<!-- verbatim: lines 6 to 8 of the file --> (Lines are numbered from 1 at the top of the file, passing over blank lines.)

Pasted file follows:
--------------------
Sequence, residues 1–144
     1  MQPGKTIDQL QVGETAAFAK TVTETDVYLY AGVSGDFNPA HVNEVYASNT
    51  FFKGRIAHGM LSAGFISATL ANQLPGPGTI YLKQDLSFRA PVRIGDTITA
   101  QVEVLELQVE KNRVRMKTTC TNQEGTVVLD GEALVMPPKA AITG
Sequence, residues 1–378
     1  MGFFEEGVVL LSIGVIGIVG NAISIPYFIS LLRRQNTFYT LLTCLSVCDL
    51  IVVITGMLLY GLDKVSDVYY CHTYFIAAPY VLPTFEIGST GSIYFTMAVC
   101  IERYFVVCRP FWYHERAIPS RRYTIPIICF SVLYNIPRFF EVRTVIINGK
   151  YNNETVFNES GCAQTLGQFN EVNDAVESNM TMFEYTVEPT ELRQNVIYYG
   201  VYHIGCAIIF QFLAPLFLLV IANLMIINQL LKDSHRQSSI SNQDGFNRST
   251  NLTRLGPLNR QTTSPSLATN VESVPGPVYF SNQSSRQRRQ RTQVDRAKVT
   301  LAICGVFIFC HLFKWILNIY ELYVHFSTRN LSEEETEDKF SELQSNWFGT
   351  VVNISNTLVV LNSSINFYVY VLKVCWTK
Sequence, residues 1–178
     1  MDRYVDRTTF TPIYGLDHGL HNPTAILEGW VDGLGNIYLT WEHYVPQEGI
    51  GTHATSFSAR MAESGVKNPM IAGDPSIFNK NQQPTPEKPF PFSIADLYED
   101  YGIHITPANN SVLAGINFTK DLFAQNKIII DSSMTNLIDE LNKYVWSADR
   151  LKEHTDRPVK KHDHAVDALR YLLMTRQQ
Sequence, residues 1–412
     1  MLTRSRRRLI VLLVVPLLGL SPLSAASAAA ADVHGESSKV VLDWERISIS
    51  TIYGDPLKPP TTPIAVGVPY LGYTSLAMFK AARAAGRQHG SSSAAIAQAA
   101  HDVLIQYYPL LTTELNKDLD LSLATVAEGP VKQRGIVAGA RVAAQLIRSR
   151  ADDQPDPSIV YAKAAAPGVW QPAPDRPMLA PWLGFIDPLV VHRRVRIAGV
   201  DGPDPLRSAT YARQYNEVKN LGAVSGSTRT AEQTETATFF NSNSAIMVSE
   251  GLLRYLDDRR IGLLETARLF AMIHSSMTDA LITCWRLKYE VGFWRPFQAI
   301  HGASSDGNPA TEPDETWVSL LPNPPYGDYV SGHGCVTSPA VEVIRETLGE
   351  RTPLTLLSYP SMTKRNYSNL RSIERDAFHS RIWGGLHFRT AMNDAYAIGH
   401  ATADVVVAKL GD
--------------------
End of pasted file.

     1  MGFFEEGVVL LSIGVIGIVG NAISIPYFIS LLRRQNTFYT LLTCLSVCDL
    51  IVVITGMLLY GLDKVSDVYY CHTYFIAAPY VLPTFEIGST GSIYFTMAVC
   101  IERYFVVCRP FWYHERAIPS RRYTIPIICF SVLYNIPRFF EVRTVIINGK